Thailand’s economy in recent years has felt the impact of a seemingly endless list of challenges, such as the COVID-19 pandemic, global economic recession, repercussions from wars and armed conflicts, slumping exports, and recurring internal political turmoil. Many Thai companies simply went bankrupt during this time, but many others have gone through the process of business rehabilitation as laid out in Thailand’s Bankruptcy Act.
This article outlines Thailand’s business rehabilitation procedures and explains how creditors can collect debts from companies involved in rehabilitation.
Business rehabilitation in Thailand
Under the Bankruptcy Act, a creditor, debtor, or government agency under certain circumstances can file a business rehabilitation petition when all of the following conditions are met:
- The debtor is insolvent or unable to pay the debt due for payment (cash-flow insolvency).
- The debtor is a juristic person indebted to one or more creditors for a total of at least 10 million baht.
- The debt can be determined in a definite amount, irrespective of whether it is due for payment immediately or in the future.
- There is a reasonable prospect of the debtor’s business being rehabilitated.
“Insolvency” means a debtor has more debts than assets. However, the Bankruptcy Act also gives some criteria for being able to assume that a debtor is insolvent. Examples include debtors declaring to the court that they are unable to pay their debts, or debtors defaulting on debt payments after receiving at least two demand letters from a creditor (with at least 30 days between the letters).
Once the court receives a business rehabilitation petition, the debtor will be protected under an “automatic stay.” This means that any creditor cannot sue or force the debtor to pay a debt, and the debtor is not allowed to pay any debt unless it falls into one of the exceptions of the Bankruptcy Act.
In addition, the court will schedule a hearing to consider the facts. If the court finds that the conditions above are met, it will issue an order to approve the rehabilitation of the debtor’s business.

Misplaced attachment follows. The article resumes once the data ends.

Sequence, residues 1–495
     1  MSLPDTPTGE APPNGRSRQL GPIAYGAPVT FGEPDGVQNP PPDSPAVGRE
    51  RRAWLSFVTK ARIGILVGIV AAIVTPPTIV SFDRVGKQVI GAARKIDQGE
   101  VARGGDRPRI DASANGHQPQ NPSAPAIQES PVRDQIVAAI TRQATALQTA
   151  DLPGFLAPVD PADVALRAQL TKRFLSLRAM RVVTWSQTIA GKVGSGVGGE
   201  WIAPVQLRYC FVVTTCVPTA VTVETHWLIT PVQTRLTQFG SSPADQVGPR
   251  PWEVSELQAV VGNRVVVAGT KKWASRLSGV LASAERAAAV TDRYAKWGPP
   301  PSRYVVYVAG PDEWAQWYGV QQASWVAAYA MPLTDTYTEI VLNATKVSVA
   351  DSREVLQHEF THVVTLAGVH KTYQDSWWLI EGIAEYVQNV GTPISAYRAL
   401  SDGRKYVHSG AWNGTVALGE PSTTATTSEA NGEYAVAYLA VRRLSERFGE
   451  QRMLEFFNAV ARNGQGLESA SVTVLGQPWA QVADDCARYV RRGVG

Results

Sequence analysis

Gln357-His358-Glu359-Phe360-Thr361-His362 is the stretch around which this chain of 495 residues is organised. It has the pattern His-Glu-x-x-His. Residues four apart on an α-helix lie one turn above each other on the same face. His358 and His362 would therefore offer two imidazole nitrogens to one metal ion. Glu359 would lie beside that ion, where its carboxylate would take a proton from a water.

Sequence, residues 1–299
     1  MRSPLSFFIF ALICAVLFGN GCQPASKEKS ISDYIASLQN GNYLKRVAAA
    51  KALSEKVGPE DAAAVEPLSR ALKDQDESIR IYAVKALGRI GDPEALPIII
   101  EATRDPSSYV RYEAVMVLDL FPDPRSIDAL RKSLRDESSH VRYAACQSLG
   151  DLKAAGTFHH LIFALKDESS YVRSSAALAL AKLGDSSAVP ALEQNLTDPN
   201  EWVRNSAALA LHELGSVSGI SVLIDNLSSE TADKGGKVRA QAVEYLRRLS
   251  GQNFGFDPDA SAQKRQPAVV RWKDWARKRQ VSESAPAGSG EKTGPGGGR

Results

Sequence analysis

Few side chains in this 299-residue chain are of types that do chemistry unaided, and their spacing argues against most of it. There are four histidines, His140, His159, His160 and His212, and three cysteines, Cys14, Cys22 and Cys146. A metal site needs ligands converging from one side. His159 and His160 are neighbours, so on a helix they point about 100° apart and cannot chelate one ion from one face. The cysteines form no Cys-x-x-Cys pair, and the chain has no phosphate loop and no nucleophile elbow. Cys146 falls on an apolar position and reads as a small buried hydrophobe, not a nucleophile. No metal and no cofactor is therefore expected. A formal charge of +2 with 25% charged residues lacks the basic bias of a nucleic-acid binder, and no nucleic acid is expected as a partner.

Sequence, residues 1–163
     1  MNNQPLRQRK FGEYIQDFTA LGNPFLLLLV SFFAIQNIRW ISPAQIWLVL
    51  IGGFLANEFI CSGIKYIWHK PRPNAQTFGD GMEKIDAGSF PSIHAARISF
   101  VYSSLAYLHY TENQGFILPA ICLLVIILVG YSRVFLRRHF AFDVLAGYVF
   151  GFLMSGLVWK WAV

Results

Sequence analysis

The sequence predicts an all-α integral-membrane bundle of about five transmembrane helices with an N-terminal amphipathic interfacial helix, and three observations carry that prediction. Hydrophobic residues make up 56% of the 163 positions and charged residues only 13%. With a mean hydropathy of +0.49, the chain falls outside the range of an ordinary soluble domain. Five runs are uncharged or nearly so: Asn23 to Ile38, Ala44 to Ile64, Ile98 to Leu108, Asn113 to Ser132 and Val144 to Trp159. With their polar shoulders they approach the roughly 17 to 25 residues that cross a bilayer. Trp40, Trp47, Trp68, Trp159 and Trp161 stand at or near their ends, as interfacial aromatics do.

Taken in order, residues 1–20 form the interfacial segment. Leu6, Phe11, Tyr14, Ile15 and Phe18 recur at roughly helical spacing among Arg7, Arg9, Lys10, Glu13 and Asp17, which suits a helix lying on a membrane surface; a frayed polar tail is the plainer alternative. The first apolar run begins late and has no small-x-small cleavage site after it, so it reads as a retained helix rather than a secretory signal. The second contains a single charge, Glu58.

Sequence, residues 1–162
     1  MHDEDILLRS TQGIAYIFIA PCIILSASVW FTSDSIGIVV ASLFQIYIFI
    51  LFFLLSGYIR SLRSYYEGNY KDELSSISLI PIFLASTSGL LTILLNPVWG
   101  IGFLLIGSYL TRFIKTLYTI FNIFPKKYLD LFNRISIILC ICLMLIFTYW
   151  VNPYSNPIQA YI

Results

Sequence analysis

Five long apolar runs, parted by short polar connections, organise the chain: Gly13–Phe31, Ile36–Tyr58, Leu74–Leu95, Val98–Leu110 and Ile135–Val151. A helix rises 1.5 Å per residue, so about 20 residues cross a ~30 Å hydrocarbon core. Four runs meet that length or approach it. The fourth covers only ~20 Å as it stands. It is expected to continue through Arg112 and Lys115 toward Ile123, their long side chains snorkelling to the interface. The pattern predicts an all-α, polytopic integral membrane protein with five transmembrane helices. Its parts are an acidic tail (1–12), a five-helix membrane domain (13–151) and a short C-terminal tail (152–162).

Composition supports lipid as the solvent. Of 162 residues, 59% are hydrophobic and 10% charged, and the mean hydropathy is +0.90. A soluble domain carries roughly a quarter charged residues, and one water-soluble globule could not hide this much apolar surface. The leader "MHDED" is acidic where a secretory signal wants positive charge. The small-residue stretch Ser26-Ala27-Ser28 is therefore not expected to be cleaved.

The court will also appoint a planner. The planner must prepare a business rehabilitation plan in accordance with the requirements of the Bankruptcy Act. If the court does not appoint a planner, the court will order an official receiver to organize a creditors’ meeting to select the planner.
Once the court appoints the planner, the power and duties in managing the debtor’s business and assets, and all legal rights of the debtor’s shareholders (except the right to receive any dividends), are vested in the planner.
When the court approves the rehabilitation of the debtor’s business but does not appoint a planner, the debtor’s executives must hand over all company assets, company seals, accounting ledgers, and documents related to the debtor’s assets and business to an appointed temporary administrator or official receiver. The official receiver must publish the court’s rehabilitation order in the Government Gazette and in at least two widely circulated daily newspapers.
Seeking debt repayment
Once the court issues its order to appoint a planner, all creditors must submit a debt repayment application and a copy of it to the official receiver within one month of publication of the planner’s appointment.
At this time, creditors can seek repayment of their debts by submitting a debt repayment application to the official receiver if the debt obligation:
- occurred before the court issued an order to rehabilitate the business regardless of whether the debt has matured or is conditional,
- did not arise in violation of legal prohibitions or good morals, and
- is legally enforceable.
The creditor will have voting rights corresponding to the full amount of the obligation as stated in the debt repayment application if the other creditors, the debtor, and the planner do not object. However, if one of these parties does object to the debt repayment application, the official receiver must determine whether the creditor will be allowed to vote and in correspondence to what amount of the debt. After finishing the investigation, the official receiver may dismiss the debt repayment application, approve full repayment of the debt, or approve partial repayment of the debt.
However, any “concerned person” relating to the debt repayment application can file an objection with the court within 14 days of the acknowledgment date of the official receiver’s order.
If the debt is in a foreign currency, the amount must be converted into Thai baht according to the daily exchange rate announced by the Bank of Thailand on the date that the court issued the order to rehabilitate the business.
Creditors can also set off debt in certain circumstances. A setoff can occur if a creditor is entitled to submit a debt repayment application and the debtor is indebted to the creditor when the court issues the business rehabilitation order.
Business rehabilitation compliance
As has happened frequently in recent years, businesses in Thailand may face crises and other problems, and it may be beneficial for them to bring their business under the protection afforded by Thailand’s business rehabilitation process under the Bankruptcy Act. However, it is important that they ensure the proper rehabilitation procedures are followed in accordance with the law. While business rehabilitation can be a helpful tool for many business owners, failing to keep up with the legal requirements of the process could open them up to criminal and civil liability.
This article was originally published in the Bangkok Post.